Scientific outputs and patents

Duforet-Frebourg N, Luu K, Laval G, Bazin E, Blum MG. Detecting Genomic Signatures of Natural Selection with Principal Component Analysis: Application to the 1000 Genomes Data. Mol Biol Evol. 2016 Apr;33(4):1082-93. doi: 10.1093/molbev/msv334.

Partners

CNRS CNRS

EAE Laboratoire EcoAnthropologie et Ethnobiologie

TIMC-IMAG Laboratoire Techniques de l’Ingénierie Médicale et de la Complexité - Informatique, Mathématiques et Applications, Grenoble

IP Unité de Génétique Evolutive Humaine - CNRS URA3012, Institut Pasteur

ANR grant: 493 147 euros
Beginning and duration: octobre 2014 - 36 mois

Submission abstract

The study of genetic adaptation in specific epochs can inform about specific adaptive processes in critical periods of innovation. The transition from food collection (hunter-gathering) to food production (farming/herding) has probably been the most important innovation in human history. The shift to agriculture led humans to adopt sedentary lifestyles, resulting in increased population densities, and modified the chemical, nutritional and pathogenic environments of early farmers, leading to novel selective pressures. However, the extent and rapidity of the genetic adaptation to such novel environments remain largely unknown. Furthermore, although some general insights are beginning to emerge, such as the moderate occurrence of classic selective sweeps and the roles that alternative selection models have likely played in recent adaptation, the contributions of each of these forces is unclear and the path to a more comprehensive understanding of selection and adaptation remains arduous. The AGRHUM project aims to increase knowledge of how species can genetically adapt, through diverse evolutionary mechanisms, to rapid changes in their environment, and to provide methodological tools to tackle this question in a wide variety of species. To do so, we will use humans as a model by evaluating the impact of the emergence of agriculture on selection and adaptation. We will focus on Central Africa, a region that presents one of the highest levels of biodiversity, as this region hosts the world’s largest group of hunter-gatherer populations, the rainforest hunter-gatherers, living in close proximity with groups that have adopted a farming lifestyle over the past 5,000 years. We will generate genome-wide data, using whole-exome sequencing, from a large panel of individuals originating from different rainforest hunter-gatherer and farmer populations. We will use this dataset to examine the demographic history of these populations, by inferring best-fitting demographic models, and to evaluate how demography and lifestyle have (differently) affected the efficiency of purifying selection (i.e., the purging of weakly deleterious alleles). In parallel, we will apply existing and newly developed methods to investigate the occurrence of rapid adaptation through various evolutionary mechanisms, including positive selection following the classic sweep model as well as other modes of adaptive evolution, such as selection on standing variation, polygenic adaptation and adaptive introgression. The integration of all these data, together with the estimation of the times at which deleterious and adaptive variants have arisen in these populations, will allow us to evaluate the impact of rapid changes in the environment on genetic fitness and efficiency of selection. The main novelty of our study lies in the fact that it will be the first to characterise the impact of the emergence of agriculture on the demographic, selective and adaptive history of human populations, by combining cutting-edge deep sequencing techniques with computational analyses and the development of new statistical approaches to detect genetic adaptation. Using the human paradigm, AGRHUM should help us to better understand, and possibly predict, how species can rapidly adapt (or maladapt) to abrupt changes in environmental pressures. Likewise, this project will have a direct scientific benefit for other projects and disciplines, as the knowledge and tools we will develop, especially with regard to methods to detect different types of genetic adaptation, will be useful for a wide range of biologists interested in the impact of environmental changes on non-human species. We believe that our proposed partnership in this endeavor based on a long-standing collaboration between the Quintana-Murci, Blum and Austerlitz laboratories, which have different but complementary expertise, will ensure a synergistic use of local resources and knowledge in advancing the project’s aims.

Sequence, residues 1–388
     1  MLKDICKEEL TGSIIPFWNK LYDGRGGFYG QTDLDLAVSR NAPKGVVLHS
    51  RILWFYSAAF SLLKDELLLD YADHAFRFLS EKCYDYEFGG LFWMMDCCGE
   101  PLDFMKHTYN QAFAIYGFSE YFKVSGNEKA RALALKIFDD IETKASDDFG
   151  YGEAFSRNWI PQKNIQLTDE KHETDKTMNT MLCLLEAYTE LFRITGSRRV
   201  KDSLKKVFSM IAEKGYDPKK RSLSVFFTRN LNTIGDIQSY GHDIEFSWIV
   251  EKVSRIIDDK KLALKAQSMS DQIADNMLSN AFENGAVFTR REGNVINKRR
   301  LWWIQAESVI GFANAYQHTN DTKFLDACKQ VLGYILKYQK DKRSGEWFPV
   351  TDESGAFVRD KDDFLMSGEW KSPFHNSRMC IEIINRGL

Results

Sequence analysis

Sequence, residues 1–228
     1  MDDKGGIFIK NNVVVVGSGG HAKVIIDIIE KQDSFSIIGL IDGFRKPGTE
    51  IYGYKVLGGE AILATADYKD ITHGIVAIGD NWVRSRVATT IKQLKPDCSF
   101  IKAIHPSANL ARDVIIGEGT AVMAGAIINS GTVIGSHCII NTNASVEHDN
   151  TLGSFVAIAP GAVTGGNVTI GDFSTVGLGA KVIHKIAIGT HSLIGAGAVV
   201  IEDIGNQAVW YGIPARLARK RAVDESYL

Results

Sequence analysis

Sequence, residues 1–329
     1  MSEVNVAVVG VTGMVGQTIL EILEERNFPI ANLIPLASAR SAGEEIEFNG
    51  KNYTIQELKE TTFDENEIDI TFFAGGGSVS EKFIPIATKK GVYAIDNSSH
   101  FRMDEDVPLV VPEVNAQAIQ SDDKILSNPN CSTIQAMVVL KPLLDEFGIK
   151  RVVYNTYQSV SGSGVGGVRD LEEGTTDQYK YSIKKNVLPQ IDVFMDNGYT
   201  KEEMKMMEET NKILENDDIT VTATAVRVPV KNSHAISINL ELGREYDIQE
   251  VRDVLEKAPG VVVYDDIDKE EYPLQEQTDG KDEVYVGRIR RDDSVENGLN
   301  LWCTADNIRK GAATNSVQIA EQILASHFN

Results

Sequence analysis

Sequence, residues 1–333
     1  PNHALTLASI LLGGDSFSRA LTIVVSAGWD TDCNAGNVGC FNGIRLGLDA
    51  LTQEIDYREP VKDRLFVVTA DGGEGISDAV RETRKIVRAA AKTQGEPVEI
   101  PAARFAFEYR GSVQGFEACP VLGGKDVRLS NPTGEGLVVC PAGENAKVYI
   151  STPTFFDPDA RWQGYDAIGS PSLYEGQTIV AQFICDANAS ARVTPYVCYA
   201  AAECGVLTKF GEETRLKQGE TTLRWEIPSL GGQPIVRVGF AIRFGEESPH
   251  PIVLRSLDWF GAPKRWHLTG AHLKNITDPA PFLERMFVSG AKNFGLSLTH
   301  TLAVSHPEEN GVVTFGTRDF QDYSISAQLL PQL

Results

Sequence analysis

ANR Programme: Comprendre et prévoir les évolutions de l'environnement (DS0101) 2014

Project ID: ANR-14-CE02-0003

Project coordinator:
Monsieur Lluis QUINTANA-MURCI (Unité de Génétique Evolutive Humaine - CNRS URA3012, Institut Pasteur)

 

Back to the previous page

 

The project coordinator is the author of this abstract and is therefore responsible for the content of the summary. The ANR disclaims all responsibility in connection with its content.